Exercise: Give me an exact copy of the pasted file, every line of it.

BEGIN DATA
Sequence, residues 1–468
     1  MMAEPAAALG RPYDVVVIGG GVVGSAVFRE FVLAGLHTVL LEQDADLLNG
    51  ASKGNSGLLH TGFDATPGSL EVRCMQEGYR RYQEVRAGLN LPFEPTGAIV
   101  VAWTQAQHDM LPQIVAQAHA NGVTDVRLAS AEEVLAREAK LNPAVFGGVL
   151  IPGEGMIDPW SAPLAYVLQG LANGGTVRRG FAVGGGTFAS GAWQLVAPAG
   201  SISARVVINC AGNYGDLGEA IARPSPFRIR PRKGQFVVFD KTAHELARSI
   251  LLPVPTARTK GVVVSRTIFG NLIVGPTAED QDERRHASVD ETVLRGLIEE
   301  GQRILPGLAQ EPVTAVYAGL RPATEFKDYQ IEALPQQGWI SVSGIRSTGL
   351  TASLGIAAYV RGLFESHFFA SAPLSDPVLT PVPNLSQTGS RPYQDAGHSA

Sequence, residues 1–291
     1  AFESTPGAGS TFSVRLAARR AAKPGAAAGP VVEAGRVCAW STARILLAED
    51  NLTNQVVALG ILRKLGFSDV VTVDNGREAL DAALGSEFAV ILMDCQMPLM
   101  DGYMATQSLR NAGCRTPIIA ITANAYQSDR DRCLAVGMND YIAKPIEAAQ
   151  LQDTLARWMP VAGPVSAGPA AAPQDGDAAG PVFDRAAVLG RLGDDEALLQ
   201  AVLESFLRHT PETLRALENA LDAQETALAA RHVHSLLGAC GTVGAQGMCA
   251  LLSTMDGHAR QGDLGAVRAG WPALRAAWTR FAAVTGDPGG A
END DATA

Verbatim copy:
Sequence, residues 1–468
     1  MMAEPAAALG RPYDVVVIGG GVVGSAVFRE FVLAGLHTVL LEQDADLLNG
    51  ASKGNSGLLH TGFDATPGSL EVRCMQEGYR RYQEVRAGLN LPFEPTGAIV
   101  VAWTQAQHDM LPQIVAQAHA NGVTDVRLAS AEEVLAREAK LNPAVFGGVL
   151  IPGEGMIDPW SAPLAYVLQG LANGGTVRRG FAVGGGTFAS GAWQLVAPAG
   201  SISARVVINC AGNYGDLGEA IARPSPFRIR PRKGQFVVFD KTAHELARSI
   251  LLPVPTARTK GVVVSRTIFG NLIVGPTAED QDERRHASVD ETVLRGLIEE
   301  GQRILPGLAQ EPVTAVYAGL RPATEFKDYQ IEALPQQGWI SVSGIRSTGL
   351  TASLGIAAYV RGLFESHFFA SAPLSDPVLT PVPNLSQTGS RPYQDAGHSA

Sequence, residues 1–291
     1  AFESTPGAGS TFSVRLAARR AAKPGAAAGP VVEAGRVCAW STARILLAED
    51  NLTNQVVALG ILRKLGFSDV VTVDNGREAL DAALGSEFAV ILMDCQMPLM
   101  DGYMATQSLR NAGCRTPIIA ITANAYQSDR DRCLAVGMND YIAKPIEAAQ
   151  LQDTLARWMP VAGPVSAGPA AAPQDGDAAG PVFDRAAVLG RLGDDEALLQ
   201  AVLESFLRHT PETLRALENA LDAQETALAA RHVHSLLGAC GTVGAQGMCA
   251  LLSTMDGHAR QGDLGAVRAG WPALRAAWTR FAAVTGDPGG A